As drug overdose deaths rise, ACR Health urges small "test" doses for users

Onondaga Co. sees rise in heroin, Fentanyl and prescription opioid deaths

SYRACUSE (WSYR-TV) - The number of people dying from opioid drugs is still climbing in Onondaga County. New data from the Health Department shows another sharp rise in overdoses.

That's why some users are now being given tips to improve their chances of surviving when they inject drugs.

When clean needles are given to current drug users at ACR Health, they come with advice-- inject a test dose first.

"If they use just a very little and they start to feel not well or they think that it might be tainted or laced with something like Fentanyl, they can stop before they escalate to this point of going into an immediate overdose," explains Erin Bortel, the Director of Prevention Services.

The advice comes as Onondaga County's Medical Examiner updated yearly data.

Preliminary tallies show heroin-related deaths jumped from 44 to 61 over the past year.

Cases involving Fentanyl are nearly three times higher in the same time frame, up to 71 deaths, compared to 27 deaths in 2015.

Prescription opioid-related deaths reached 78 in 2016...up from 25 the year before.

The data represents cases in which the drugs caused or contributed to a death, either alone or in combination with other drugs or medication. Numbers are preliminary since some cases are still being reviewed.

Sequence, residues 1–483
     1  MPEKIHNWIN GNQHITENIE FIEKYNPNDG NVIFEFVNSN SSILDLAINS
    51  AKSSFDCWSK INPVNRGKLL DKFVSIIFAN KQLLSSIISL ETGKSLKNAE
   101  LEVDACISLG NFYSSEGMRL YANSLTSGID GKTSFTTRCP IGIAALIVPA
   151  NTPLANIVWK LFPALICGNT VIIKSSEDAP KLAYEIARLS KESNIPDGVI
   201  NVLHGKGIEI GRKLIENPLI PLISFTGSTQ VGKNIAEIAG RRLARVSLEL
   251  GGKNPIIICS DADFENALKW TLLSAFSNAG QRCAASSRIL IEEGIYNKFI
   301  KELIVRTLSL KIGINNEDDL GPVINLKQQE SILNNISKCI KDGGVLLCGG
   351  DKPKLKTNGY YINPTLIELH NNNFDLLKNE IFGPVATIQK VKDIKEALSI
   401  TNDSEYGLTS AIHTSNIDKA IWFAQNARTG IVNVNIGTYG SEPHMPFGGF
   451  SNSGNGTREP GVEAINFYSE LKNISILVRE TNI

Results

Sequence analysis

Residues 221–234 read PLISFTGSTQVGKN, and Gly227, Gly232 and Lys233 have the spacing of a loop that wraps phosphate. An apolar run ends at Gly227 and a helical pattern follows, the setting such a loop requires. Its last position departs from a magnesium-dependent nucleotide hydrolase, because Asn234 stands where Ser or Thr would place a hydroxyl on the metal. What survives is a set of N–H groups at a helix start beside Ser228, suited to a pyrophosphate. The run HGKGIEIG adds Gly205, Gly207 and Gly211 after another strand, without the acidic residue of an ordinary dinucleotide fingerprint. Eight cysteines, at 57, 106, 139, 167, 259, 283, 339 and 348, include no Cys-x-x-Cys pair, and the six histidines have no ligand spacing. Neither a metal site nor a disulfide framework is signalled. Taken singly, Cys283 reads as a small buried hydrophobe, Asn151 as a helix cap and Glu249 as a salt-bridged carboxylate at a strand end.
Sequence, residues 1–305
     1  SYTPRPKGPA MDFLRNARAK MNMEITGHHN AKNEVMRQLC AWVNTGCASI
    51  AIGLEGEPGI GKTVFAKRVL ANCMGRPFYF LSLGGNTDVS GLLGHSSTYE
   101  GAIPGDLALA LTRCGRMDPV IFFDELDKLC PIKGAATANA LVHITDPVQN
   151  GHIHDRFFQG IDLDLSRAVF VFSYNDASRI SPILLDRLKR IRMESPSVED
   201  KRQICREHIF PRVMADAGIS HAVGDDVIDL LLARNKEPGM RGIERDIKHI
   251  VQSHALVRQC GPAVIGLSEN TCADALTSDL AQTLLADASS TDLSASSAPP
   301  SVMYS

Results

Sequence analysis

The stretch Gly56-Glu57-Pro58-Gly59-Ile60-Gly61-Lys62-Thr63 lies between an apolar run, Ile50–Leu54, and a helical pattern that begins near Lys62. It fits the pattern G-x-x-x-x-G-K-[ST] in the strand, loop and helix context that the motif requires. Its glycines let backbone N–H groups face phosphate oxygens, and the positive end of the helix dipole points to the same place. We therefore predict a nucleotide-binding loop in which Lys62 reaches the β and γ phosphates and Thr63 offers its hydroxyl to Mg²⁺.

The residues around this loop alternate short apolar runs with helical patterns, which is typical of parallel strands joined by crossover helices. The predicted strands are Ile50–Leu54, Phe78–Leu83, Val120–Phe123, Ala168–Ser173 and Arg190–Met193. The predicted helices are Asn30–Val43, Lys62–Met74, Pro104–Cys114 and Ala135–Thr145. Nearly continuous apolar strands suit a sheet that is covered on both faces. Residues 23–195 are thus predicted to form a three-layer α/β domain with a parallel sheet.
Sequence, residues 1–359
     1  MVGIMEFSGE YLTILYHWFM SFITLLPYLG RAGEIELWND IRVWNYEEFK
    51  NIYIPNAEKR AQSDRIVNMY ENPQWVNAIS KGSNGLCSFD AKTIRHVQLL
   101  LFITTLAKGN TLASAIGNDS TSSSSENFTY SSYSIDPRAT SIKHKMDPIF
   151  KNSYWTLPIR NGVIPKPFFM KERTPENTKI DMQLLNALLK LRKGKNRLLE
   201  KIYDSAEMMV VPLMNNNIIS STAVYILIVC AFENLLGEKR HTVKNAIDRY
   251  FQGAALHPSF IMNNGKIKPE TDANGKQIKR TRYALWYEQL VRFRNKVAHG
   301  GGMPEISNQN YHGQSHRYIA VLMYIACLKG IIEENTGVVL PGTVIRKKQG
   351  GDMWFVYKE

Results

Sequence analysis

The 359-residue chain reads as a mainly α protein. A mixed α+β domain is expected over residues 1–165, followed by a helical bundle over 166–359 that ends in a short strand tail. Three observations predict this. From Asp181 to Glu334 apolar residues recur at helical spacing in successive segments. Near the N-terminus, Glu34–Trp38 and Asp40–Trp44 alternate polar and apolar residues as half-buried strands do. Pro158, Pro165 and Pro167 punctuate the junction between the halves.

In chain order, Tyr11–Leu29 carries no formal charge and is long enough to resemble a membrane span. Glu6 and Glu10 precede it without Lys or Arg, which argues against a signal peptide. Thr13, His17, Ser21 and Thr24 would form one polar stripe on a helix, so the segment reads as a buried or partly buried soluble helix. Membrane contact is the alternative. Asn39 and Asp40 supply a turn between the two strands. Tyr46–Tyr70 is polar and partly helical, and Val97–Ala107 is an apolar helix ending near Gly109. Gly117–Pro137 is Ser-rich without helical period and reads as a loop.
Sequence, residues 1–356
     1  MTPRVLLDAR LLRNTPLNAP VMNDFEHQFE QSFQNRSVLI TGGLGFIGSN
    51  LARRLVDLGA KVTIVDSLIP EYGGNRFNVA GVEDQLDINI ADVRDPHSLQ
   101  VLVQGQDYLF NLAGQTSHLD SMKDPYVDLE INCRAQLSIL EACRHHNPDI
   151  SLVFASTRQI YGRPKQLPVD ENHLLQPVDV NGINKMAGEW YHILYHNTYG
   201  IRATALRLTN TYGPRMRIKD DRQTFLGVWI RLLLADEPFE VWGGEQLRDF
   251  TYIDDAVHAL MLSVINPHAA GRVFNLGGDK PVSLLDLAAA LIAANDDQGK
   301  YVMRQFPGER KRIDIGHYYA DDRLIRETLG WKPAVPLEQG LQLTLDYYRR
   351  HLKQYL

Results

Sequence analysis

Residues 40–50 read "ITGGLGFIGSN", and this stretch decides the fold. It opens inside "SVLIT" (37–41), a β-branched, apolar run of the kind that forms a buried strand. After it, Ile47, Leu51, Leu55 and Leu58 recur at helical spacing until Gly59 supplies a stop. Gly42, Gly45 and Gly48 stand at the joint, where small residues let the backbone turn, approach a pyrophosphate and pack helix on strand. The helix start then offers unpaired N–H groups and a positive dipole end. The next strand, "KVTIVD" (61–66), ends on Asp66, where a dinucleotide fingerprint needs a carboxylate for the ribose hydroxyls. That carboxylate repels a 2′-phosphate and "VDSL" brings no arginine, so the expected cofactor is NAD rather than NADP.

"(CNY's) drug supply itself has been infiltrated, particularly with synthetic based opiates and anytime you are combining multiple opiates in one substance, it makes that drug much more potent and potentially more dangerous," Bortel adds.

More families across Central New York are learning how to use Naloxone to help reverse an opiate overdose, but the amount needed depends on which drug is in a person's system - information dealers don't provide.

Users who believe they are injecting heroin alone are more likely to overdose when a batch is secretly cut with more powerful drugs like Fentanyl.

That's why ACR Health urges a cautionary "test dose" when users visit their offices.

"Just as Naloxone is criticized for being a band-aid, you can't put a band-aid on someone who is dead. This helps preserve life in the immediate with the hopes of coaching a person to a point where they are ready to get treatment," Bortel says.


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